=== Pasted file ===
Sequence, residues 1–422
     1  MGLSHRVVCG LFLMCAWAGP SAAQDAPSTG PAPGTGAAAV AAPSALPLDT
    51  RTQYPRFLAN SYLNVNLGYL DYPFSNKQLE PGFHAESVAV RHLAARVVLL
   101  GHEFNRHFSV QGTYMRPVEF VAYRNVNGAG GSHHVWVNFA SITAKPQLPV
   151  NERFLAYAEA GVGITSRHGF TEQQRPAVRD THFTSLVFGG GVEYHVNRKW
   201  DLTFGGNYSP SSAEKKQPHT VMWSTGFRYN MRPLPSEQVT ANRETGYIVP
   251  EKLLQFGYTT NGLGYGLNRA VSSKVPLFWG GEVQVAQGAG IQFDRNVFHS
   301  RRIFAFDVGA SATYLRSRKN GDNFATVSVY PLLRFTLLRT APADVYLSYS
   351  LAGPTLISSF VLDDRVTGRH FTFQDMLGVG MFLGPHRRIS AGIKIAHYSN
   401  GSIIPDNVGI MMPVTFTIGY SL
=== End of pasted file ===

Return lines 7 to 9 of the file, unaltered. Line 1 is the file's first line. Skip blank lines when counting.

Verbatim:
   251  EKLLQFGYTT NGLGYGLNRA VSSKVPLFWG GEVQVAQGAG IQFDRNVFHS
   301  RRIFAFDVGA SATYLRSRKN GDNFATVSVY PLLRFTLLRT APADVYLSYS
   351  LAGPTLISSF VLDDRVTGRH FTFQDMLGVG MFLGPHRRIS AGIKIAHYSN